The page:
Gamal Fouda called for social media companies to do more to stop people spreading hate online.
Meanwhile, the co-chair of the Christchurch Call advisory network said the spread of the livestream video of Saturday’s mass shooting in Buffalo, New York was “not even comparable” to the reach of the livestream posted by the March 15 terrorist in 2019.
Anjum Rahman said the spread of the content related to the Buffalo attack was “certainly better” than the March 15 video which was seen four million times in the hours it took to remove it.
There were interactions on Facebook and Twitter alone in the thousands, which was “not even comparable” to the Christchurch attack material viewings.
Acting Chief Censor Rupert Ablett-Hampson announced on Monday morning that the video and the manifesto of a white supremacist shooting more than a dozen mostly-black people in a grocery store in Buffalo, New York, had been banned.
“This footage celebrates the killing of innocent people going about their lives, doing their grocery shopping.”
Having received and examined a copy of the livestream on Monday, Ablett-Hampson said the 6 minute 52 second video of the attack had been classified, on an interim basis, as objectionable under the Films, Videos, and Publications Classification Act 1993 – the same approach was taken for the killer’s written manifesto on Sunday.
The video reached the “objectionable threshold”.
“There is no merit in this, and it is sadly being shared by people who support the actions of the killer.”
As with the manifesto, he urged New Zealanders not to seek the video out, and it would be an offense to possess or distribute them.
In the written publication, banned yesterday, the killer Payton Gendron, 18, says the March 15 Mosque terrorist inspired him to act.
The document outlines his racist and anti-immigrant beliefs, including a desire to drive all people not of European descent from the US.
Gendron shot four people outside the store, three fatally, said Buffalo Police Commissioner Joseph Gramaglia.
Inside the store, a security guard who was a retired Buffalo police officer fired multiple shots, but a bullet that hit the gunman’s bulletproof vest had no effect.
The gunman then killed the guard, the commissioner said, then stalked through the store shooting other victims.
Global Internet Forum to Counter Terrorism (GIFCT), which had been beefed up since the Christchurch attack due to collaboration between countries and companies, quickly activated hashed signatures to identify when the attack appeared online.
But Rahman worried that while content was marked so platforms could remove them, GIFCT had no powers to make those platforms do so.
“We need to start seeing some international consistency...that protect legal rights, but that also provide a way to deal with this stuff when it happens to ensure that it’s not going viral.”
Questions needed to be asked about how platforms planned to prevent content like it being shared in the first place.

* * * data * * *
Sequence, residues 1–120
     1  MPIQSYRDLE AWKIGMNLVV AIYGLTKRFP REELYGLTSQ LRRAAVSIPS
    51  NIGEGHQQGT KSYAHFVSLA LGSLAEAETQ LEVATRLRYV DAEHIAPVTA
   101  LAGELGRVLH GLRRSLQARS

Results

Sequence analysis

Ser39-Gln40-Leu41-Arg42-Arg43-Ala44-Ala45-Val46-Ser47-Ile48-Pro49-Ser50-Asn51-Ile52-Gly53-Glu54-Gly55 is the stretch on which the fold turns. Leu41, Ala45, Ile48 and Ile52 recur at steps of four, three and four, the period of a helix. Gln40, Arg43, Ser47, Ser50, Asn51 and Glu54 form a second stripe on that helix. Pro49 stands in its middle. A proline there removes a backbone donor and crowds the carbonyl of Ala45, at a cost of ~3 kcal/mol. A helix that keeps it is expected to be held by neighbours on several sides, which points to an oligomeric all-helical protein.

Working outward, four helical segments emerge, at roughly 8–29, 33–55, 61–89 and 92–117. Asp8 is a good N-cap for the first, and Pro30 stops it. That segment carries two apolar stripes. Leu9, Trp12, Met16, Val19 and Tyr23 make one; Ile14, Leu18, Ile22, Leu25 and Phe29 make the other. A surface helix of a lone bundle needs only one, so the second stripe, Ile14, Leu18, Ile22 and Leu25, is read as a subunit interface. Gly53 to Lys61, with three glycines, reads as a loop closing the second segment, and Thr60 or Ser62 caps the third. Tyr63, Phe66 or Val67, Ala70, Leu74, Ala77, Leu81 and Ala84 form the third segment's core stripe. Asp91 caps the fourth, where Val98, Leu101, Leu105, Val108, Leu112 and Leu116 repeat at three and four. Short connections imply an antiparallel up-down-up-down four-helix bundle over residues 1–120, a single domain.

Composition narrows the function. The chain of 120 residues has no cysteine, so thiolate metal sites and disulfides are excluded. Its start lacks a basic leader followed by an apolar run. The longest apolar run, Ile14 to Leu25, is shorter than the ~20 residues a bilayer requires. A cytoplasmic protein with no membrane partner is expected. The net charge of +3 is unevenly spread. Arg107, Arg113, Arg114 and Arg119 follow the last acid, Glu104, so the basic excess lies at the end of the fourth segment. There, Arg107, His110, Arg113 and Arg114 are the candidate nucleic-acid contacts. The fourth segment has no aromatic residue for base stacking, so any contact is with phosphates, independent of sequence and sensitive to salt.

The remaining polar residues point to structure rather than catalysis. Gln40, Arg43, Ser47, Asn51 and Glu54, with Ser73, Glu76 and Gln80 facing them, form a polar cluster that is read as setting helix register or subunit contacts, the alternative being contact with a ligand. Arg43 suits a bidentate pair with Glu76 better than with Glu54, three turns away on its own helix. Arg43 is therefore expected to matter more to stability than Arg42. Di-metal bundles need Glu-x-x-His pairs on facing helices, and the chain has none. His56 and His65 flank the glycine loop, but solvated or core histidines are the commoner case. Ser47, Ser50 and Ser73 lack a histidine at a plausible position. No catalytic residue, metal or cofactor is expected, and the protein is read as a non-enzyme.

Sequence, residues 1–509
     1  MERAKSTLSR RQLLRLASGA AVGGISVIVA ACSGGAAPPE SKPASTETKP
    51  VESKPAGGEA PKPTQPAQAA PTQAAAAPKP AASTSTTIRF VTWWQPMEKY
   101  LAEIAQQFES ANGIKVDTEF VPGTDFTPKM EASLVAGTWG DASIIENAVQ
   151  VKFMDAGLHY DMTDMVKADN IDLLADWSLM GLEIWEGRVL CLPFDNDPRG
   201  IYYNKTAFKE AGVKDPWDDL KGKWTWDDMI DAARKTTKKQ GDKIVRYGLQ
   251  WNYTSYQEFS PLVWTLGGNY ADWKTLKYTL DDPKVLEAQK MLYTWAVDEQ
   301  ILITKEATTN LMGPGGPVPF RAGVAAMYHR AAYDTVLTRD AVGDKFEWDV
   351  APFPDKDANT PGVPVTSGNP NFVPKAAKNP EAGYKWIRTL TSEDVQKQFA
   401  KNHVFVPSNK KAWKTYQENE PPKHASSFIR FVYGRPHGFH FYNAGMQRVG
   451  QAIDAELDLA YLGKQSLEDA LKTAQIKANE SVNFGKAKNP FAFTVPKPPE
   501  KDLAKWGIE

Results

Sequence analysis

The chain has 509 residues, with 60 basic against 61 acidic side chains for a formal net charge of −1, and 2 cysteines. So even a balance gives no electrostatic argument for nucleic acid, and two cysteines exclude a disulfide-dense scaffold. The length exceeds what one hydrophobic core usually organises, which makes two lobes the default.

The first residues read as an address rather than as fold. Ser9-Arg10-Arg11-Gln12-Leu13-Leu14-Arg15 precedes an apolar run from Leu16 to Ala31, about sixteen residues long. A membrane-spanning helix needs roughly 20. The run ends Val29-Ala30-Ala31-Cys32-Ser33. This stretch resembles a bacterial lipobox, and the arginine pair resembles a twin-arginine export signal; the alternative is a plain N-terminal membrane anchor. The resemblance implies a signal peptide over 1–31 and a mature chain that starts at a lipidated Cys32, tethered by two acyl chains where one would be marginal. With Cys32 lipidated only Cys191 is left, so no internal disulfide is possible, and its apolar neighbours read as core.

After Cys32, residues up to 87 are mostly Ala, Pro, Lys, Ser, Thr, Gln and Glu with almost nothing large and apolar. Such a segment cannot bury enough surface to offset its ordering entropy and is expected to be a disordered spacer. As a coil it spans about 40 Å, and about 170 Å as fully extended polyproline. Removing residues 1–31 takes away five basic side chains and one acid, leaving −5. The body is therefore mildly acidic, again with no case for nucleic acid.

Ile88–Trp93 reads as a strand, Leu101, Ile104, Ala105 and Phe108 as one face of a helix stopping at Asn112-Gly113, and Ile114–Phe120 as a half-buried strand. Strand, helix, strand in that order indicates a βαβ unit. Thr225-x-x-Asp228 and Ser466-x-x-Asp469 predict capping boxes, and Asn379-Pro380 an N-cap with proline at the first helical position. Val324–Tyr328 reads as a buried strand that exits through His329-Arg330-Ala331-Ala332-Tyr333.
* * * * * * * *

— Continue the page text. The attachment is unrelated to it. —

Twitch was a product of Amazon, which was a member of GIFCT, so she wanted to know what it was doing to prevent the platform being used in that way.
She believed the shooter used Twitch "for a reason", so it was important to find out why
There might be a case for some platforms accepting content that shared snippets of the manifest to show why it was wrong, for example, but “where do you draw the line?”
There were long-term impacts of terrorism material being available online, she said.
“These people are there, the question is how do we deal with that and what are we doing about it.”
Just taking content down was not enough, and more work was needed on finding out why and how they were radicalized in the first place.
“It’s about protecting communities from violence and young people being radicalized online.”
Her organization, Inclusive Aotearoa Collective Tāhono, was trying to achieve this by investing in a cohesive society.
The Imam of Christchurch’s An-Nur (Al Noor) mosque – where 43 people were slain in the 2019 terror attack – has called for social media companies to do more to stop people spreading hate online.
Gendron published a 180-page racist manifesto heavily referencing the March 15 attack and, like the Christchurch terrorist, tried to livestream the killings.
Fouda said he was “very saddened by the shocking news”.
Family and friends of those killed in the Christchurch terror attack had gathered to remember their loved ones by unveiling a peace rock in Harrington Park in Christchurch when reports of the “heinous” attack in Buffalo began.
“The far-right wing terrorist responsible for the attack used the 15th March terror attack as an inspiration to work out his violent acts,” he said.
“This sends a strong message to all of us that we should care more about one another and work together to tackle the issue of racism in our society,” Fouda said.
“Social media companies must stop people from using them as a platform for spreading hate.”
A March 15 Whānau Trust spokesperson said they were sorry to hear of the Buffalo shooting and send their condolences to everyone affected.
“We are further saddened to hear the attacker referenced 15 March,” the spokesperson said.
The unveiled Peace Rock includes a poem by Sirwan Mohamadi, called Peace, Love and Unity, to remember and inspire hope for a united future.
Fifty-one people were killed in the Christchurch terror attacks of March 15, 2019, at the An-Nur and Linwood mosques. The lone gunman is serving a life prison sentence with no parole.